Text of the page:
Apple Releases iOS 16.6.1 in Response to New Pegasus Spyware Attack

Text Size
- +

Toggle Dark Mode

In what will hopefully turn out to be one last iOS 16 update before iOS 17 is released this month, Apple has just released iOS 16.6.1, an import sub-point release that fixes a pair of severe security flaws in iOS 16.6.

Although late-cycle iOS point releases are usually pretty uninspiring, they’re necessary to patch vulnerabilities discovered by security researchers. No matter how much Apple tries to harden its software against exploits, it’s impossible to catch everything in something as complex as iOS. The result is a cat-and-mouse game as security experts — hopefully ethical, “white hat” hackers — discover these flaws and report them to Apple so they can be patched.

This is precisely why iOS 16.6 was a vital update; even though it carried no user-facing features to encourage folks to update, it plugged numerous security holes, some of which had already been exploited by malicious hackers to potentially compromise users’ iPhones.

No Subscriptions - Get Microsoft Office Lifetime Access for Just $49.97

Even Microsoft tries to nudge you toward paying monthly for their Suite 365. The good news is that you don't have to. iDrop News readers can get lifetime access to MS Office at 85% off the normal price...Get It Here

Thankfully, out of 16 security vulnerabilities fixed in iOS 16.6?, Apple was only aware of two flaws being “actively exploited.” To be clear, that doesn’t mean the other 14 hadn’t been; merely that Apple and other security researchers had no evidence of this. However, once iOS 16.6 was released along with the list of security fixes, the cat was out of the bag, giving bad actors a map of how to attack devices that hadn’t been updated to iOS 16.6.

The same is true with two new security issues fixed in iOS 16.6.1 — both of which may have already been actively exploited by mercenary spyware.

What’s Fixed in iOS 16.6.1

Specifically, iOS 16.6.1 fixes two vulnerabilities uncovered by Citizen Lab researchers at The University of Toronto?s Munk School of Global Affairs and Public Policy.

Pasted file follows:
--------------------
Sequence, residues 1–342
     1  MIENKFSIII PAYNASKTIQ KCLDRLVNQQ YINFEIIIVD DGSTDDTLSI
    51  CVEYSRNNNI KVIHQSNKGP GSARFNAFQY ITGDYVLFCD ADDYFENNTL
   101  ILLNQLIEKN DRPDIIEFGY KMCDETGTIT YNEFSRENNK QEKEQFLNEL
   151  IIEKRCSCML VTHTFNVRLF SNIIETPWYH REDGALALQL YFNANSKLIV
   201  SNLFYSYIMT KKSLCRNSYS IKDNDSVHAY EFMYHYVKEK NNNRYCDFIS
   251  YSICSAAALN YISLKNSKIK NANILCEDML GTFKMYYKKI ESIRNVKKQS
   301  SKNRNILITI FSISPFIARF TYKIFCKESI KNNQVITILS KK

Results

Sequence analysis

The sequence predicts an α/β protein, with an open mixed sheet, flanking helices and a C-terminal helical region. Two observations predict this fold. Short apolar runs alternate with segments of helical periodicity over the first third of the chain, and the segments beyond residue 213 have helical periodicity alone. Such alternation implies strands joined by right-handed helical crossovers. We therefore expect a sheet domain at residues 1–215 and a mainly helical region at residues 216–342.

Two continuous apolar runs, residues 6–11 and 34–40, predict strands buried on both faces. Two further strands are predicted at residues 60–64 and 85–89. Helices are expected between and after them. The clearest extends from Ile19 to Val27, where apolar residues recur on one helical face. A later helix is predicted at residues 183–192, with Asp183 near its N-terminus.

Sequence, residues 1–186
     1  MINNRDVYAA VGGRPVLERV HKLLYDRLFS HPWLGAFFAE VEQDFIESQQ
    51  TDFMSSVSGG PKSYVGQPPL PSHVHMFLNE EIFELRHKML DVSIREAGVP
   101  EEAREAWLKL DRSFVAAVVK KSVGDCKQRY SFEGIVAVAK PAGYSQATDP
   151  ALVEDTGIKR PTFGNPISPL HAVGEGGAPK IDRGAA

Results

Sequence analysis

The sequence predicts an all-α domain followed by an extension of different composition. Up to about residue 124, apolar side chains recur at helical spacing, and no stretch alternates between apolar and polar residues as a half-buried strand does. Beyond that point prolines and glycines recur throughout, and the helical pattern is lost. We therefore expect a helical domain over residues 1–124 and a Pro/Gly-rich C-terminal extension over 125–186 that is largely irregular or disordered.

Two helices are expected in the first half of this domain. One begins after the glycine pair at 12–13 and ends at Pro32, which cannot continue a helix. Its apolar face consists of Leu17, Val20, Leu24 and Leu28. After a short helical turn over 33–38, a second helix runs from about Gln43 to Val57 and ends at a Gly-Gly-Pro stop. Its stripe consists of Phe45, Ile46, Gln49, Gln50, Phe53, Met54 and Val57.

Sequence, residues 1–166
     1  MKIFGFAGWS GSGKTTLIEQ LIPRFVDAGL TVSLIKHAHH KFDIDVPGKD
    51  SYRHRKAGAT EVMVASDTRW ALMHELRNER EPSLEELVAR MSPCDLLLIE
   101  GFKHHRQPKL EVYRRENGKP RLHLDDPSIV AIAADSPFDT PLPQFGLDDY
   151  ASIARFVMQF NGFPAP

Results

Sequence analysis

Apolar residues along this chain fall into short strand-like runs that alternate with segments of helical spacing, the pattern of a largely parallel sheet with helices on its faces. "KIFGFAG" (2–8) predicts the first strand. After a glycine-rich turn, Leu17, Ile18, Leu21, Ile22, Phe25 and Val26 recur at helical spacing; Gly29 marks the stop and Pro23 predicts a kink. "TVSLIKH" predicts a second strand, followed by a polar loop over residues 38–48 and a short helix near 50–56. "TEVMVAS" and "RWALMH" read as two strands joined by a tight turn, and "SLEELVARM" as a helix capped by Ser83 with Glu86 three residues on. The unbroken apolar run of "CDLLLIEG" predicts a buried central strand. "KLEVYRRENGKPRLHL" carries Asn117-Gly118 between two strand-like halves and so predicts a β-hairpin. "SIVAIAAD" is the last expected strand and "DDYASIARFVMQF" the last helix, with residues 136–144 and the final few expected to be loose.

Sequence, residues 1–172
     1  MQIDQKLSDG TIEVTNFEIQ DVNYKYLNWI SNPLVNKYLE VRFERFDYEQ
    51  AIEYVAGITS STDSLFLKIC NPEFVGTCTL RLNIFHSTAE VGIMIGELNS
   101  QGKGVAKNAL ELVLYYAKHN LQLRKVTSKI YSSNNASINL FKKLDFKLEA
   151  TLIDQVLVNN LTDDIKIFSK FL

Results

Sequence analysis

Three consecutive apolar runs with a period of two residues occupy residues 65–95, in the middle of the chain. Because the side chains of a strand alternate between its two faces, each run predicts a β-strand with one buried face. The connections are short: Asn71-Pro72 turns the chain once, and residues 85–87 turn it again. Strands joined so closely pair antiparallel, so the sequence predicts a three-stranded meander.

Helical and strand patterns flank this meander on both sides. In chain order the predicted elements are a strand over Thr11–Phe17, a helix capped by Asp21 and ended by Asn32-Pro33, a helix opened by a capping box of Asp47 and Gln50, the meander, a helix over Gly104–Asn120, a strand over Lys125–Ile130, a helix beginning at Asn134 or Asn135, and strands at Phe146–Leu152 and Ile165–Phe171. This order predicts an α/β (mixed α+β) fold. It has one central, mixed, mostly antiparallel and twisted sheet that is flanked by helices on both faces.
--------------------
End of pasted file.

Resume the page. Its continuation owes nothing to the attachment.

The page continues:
The first, found in the ImageIO framework, could allow a maliciously crafted image posted on a website or received by email or text message to execute arbitrary code on your device.

A second flaw found in Apple’s Wallet app could do the same when receiving a maliciously crafted PassKit attachment, such as a ticket or loyalty card. While Apple credits itself for finding this one, it also acknowledges Citizen Lab for its assistance.

The two flaws are related to a new attack vector discovered in use by NSO Group’s Pegasus spyware. Citizen Lab published a news release today outlining a new BLASTPASS exploit chain found in iOS 16.6 as a “zero-click, zero-day exploit” that’s “capable of compromising iPhones running the latest version of iOS (16.6) without any interaction from the victim.

We refer to the exploit chain as BLASTPASS. The exploit chain was capable of compromising iPhones running the latest version of iOS (16.6) without any interaction from the victim. The exploit involved PassKit attachments containing malicious images sent from an attacker iMessage account to the victim.Citizen Lab

The team at Citizen Lab is using everyone to immediately update their devices to iOS 16.6.1 to defend against this new attack. They also commend Apple for its “rapid investigative response and patch cycle” and “acknowledge the victim [of the attack] and their organization for their collaboration and assistance” in bringing it to Citizen Lab’s attention so that it could be reported to Apple and patched.

Apple’s update will secure devices belonging to regular users, companies, and governments around the globe. The BLASTPASS discovery highlights the incredible value to our collective cybersecurity of supporting civil society organizations.Citizen Lab

Citizen Lab also encourages those who may face an increased risk of being targeted by Pegasus “because of who they are or what they do” to enable Apple’s Lockdown Mode.

Social Sharing